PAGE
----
When you have an egotist on your team: how to manage overconfident subordinates

Team members often have very diverse personality traits. Some would need more self-confidence, while others have too much of it. But even egotistical and overconfident workers can sometimes be indispensable and their manager simply has to deal with them somehow. This article will show how.


Set some boundaries

As INSEAD Knowledge states, subordinates suffering from overinflated egos should not be given any more privileges than others. You need to set clear boundaries and clear rules that everyone must follow, including overconfident workers.

Bring the subordinate back down to earth

Do not be afraid to raise the subject of overconfidence in an individual meeting with the given subordinate. Acknowledge that the subordinate has some undeniable qualities, but in matters where they go too far, so to speak, remind them that you are the manager, that other colleagues may have more experience with the agenda, and that the subordinate should show some humility.

Do not be drawn into the games and world view of the subordinate

Egotistical subordinates may have a tendency to elevate themselves above others and play political, diplomatic and psychological games with colleagues and superiors. Do not get drawn into these games or allow an overconfident worker to draw other team members into them either.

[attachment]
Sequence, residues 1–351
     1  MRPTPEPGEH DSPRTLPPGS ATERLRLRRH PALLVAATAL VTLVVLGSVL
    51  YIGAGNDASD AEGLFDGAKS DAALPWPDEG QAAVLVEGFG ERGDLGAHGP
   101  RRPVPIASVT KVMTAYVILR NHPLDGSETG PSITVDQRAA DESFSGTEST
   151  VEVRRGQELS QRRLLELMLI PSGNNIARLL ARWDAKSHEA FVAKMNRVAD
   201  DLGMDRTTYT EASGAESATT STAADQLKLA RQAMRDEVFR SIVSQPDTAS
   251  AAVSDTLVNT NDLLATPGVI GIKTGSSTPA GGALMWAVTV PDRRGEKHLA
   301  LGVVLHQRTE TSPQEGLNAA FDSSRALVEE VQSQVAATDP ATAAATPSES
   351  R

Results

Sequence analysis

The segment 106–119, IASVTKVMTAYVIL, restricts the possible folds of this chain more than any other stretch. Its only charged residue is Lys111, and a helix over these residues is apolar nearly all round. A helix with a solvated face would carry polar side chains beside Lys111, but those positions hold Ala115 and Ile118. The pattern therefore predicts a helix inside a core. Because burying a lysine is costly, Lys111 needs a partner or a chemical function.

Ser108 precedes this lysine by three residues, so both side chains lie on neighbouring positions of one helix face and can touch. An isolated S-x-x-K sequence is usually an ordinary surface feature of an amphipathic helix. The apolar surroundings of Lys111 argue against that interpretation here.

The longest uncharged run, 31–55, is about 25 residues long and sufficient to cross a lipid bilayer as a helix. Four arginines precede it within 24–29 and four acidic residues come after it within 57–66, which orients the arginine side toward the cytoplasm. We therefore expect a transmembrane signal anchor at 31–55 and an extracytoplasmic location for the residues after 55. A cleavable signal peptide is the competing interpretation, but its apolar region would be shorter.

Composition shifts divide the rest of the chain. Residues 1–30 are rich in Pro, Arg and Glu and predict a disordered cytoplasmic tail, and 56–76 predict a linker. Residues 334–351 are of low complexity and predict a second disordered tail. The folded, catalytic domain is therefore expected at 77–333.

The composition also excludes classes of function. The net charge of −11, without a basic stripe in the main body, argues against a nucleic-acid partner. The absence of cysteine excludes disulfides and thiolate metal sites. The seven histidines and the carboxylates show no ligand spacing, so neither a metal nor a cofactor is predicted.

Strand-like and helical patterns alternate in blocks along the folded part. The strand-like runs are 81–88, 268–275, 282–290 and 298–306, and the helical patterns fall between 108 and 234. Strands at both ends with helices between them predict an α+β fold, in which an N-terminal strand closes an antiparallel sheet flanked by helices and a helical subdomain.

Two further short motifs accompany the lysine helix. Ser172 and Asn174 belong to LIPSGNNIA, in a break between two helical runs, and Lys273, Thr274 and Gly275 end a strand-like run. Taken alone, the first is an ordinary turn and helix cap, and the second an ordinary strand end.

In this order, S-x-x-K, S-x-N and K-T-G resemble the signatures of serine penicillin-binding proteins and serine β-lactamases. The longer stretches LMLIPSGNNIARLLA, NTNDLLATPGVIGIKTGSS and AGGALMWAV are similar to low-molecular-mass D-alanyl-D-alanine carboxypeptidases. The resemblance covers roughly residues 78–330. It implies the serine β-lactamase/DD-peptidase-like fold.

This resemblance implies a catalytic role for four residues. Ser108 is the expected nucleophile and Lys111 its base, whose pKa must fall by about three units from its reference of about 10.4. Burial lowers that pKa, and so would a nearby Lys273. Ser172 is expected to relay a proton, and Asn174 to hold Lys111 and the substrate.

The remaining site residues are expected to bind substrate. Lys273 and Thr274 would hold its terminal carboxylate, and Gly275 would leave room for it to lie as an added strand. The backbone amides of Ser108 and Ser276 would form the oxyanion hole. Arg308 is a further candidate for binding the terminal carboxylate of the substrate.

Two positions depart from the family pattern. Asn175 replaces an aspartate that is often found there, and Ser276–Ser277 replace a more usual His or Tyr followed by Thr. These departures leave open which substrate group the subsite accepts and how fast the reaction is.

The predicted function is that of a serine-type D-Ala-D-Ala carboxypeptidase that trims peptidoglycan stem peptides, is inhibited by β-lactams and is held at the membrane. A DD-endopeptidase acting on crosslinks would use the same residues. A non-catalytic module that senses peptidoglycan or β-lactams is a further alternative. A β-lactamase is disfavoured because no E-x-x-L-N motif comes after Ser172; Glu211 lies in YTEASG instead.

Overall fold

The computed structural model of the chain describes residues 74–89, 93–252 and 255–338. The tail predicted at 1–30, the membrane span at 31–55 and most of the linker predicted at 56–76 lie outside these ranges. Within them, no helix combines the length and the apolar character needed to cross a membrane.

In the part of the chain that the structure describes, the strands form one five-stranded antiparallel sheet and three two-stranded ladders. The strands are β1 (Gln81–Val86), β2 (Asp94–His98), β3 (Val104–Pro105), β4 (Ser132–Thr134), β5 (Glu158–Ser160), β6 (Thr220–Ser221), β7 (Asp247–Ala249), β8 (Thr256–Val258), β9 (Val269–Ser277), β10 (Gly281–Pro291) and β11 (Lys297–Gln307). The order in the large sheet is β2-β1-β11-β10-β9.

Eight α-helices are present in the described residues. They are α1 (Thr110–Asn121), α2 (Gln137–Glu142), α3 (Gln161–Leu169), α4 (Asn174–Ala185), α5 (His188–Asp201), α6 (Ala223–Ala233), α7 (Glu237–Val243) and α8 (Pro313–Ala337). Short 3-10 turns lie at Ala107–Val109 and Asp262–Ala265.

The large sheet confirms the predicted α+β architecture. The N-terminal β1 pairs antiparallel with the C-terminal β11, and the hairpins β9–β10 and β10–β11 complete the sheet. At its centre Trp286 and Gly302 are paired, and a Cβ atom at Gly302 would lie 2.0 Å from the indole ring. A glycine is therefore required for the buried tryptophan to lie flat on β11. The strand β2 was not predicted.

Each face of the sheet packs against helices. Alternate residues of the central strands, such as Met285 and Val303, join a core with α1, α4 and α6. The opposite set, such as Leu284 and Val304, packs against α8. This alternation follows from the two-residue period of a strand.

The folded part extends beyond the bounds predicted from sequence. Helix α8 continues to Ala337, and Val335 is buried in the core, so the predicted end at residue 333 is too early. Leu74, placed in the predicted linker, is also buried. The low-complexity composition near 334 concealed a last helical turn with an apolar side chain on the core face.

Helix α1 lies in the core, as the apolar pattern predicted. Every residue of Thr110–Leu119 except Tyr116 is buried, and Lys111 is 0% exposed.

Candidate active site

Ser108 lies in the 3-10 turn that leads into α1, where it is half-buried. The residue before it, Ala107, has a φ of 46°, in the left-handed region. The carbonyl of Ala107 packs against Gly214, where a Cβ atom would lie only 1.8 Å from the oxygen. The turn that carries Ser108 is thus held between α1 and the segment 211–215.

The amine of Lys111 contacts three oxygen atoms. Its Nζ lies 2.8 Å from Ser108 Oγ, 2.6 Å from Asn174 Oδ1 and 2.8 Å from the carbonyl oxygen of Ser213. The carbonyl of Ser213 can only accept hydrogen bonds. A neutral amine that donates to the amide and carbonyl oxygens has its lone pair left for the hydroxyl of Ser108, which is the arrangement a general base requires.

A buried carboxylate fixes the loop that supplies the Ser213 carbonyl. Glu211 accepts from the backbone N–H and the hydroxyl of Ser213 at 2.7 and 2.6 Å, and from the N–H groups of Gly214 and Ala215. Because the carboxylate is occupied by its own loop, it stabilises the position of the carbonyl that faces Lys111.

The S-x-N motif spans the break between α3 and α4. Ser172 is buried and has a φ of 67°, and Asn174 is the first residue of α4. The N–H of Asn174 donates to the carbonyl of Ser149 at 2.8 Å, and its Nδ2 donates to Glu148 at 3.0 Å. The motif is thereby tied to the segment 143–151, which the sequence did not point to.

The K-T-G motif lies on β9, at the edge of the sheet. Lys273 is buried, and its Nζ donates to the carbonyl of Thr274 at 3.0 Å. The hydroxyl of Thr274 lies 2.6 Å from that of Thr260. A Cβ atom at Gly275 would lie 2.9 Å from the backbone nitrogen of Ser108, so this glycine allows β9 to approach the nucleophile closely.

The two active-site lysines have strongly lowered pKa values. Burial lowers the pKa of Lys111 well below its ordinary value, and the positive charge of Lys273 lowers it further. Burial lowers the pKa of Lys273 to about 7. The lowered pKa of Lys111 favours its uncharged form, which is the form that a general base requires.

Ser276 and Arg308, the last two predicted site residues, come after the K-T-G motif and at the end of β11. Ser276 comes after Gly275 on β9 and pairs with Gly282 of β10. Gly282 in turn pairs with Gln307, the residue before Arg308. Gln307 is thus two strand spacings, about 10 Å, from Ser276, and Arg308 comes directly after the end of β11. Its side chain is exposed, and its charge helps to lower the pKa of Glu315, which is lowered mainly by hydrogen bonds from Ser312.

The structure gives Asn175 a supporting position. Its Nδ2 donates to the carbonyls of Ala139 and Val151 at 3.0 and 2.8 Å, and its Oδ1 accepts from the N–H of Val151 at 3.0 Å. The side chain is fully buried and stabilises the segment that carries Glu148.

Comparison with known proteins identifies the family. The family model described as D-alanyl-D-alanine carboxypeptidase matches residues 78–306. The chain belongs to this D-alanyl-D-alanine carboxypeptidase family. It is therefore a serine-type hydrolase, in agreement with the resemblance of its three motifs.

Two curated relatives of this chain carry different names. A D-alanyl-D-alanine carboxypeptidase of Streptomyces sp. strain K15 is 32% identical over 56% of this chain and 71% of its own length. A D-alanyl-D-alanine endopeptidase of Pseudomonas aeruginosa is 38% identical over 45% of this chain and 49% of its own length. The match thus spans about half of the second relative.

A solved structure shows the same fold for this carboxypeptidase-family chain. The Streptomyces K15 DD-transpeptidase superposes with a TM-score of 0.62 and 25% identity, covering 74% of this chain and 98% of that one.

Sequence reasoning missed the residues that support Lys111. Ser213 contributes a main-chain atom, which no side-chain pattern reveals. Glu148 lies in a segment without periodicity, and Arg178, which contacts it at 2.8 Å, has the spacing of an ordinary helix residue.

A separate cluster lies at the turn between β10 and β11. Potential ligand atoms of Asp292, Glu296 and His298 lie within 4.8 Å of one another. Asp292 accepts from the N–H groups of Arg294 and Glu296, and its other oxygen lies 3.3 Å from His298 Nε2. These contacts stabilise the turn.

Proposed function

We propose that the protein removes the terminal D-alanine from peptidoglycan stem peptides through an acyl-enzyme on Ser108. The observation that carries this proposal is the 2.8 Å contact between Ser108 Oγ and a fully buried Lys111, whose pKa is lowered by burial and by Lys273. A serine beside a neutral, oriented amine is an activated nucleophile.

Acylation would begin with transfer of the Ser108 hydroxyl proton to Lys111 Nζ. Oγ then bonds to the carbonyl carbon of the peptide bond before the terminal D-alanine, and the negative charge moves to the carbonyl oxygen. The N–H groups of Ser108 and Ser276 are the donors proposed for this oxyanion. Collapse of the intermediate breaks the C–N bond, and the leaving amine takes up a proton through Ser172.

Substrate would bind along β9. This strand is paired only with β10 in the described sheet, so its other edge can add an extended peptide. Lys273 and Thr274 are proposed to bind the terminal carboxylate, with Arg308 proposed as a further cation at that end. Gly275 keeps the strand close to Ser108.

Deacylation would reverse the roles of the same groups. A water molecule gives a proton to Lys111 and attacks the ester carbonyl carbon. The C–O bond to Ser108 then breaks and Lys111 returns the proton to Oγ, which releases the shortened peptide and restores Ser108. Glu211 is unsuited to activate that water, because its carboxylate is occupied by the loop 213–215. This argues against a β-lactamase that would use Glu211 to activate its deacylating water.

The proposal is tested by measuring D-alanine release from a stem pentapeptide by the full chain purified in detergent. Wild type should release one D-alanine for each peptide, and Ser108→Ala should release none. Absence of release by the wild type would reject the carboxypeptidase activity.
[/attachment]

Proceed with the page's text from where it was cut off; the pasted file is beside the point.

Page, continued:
Give the subordinate some (even if fake) space for their own initiative

To some extent, you can "get rid" of an overly ambitious and overconfident subordinate by giving them certain powers which satisfy their need to feel important, but have no real impact and do not allow them to decide on things they should have no say in.

Do not let things go too far

If the situation does not improve and the egotist in question is still stirring up trouble and making a fuss in your team, do not take the situation lightly. You should not hesitate to take up the issue with the HR department, company management or legal department if the person's behaviour exceeds acceptable limits.


Article source INSEAD Knowledge - INSEAD Business School knowledge portal
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